After His Mother Died, Adam Smith Found The Secret in the Freezer
The hand of a young man is opening a freezer door

It’s hard for Adam Smith, 37, to say whether Barbara had been a good mother. Growing up, he and his sister Susan always had food on the table, a roof over their heads.

Still, he says, she’d always had a mean streak and regularly belittled him for no cause. When he was old enough, he didn’t hesitate to get a job and move out.

“But I always got sucked back in,” Adam says. “That was my mom.”

According to Adam, Yaw couldn’t deal with Barbara’s deteriorating health. Yaw says he left because he discovered Barbara had spent $40,000 of his money supporting her children.

Whatever the case, Adam, though not necessarily eager to, moved in to the second-floor, two-bedroom apartment in Clifton Heights to provide his mom full-time care. Living in close quarters with Barbara subjected him to even more of her neediness and mistreatment.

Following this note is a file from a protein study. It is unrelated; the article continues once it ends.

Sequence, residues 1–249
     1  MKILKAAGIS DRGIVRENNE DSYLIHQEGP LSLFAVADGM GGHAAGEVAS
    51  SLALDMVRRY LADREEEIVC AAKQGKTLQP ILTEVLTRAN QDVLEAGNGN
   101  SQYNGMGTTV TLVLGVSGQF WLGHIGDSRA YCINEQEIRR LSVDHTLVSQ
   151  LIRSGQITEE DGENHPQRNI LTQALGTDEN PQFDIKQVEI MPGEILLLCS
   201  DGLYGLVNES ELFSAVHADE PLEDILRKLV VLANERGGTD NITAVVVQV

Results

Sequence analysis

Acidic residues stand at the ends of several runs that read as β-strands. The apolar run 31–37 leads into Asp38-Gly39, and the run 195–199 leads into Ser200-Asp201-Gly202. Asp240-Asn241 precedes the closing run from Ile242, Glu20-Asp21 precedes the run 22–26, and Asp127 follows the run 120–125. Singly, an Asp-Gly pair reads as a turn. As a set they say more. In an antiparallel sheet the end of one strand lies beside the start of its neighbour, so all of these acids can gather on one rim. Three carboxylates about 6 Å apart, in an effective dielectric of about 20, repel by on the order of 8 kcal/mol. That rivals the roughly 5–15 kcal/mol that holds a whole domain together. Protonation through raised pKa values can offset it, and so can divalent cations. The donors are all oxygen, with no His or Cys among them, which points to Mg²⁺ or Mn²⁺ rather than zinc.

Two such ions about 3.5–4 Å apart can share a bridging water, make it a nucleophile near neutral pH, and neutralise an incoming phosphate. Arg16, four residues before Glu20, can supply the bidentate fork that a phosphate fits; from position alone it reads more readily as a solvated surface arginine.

When Adam arranged for his sister Susan to come over so he could have a night out, Barbara would start to scream.

“Oh here goes whiny butt,” she’d say. “Here he goes whining. Fuck, just leave. Go to your girlfriend’s.”

As Adam describes it, “For a woman dying, you wouldn’t think someone had that much strength to sit there and like bang on an ottoman saying, ‘Die, motherfucker, die.’ Yeah, she would tell me that.”

This past January, about a year after Adam moved in with her, Barbara was diagnosed with small cell lung cancer.

Reporters had a lot of questions. Adam had a lot of questions, too, chief among them: Exactly what kind of person was his mother? What else about her didn’t he know?

In multiple conversations, Adam stressed he isn’t judgmental of his mom for being with so many partners. That’s not what bothers him. What keeps him up at night is the fact that she left him in the dark about so much — and that she died leaving an infant frozen in a box she knew her son would open.

“I was held back for so many years by my mom’s sickness,” he says. “I could never go and venture out and do my own thing. Now, I get to do what I need to do, what I’ve always wanted to do.”

Read more in the Riverfront Times.

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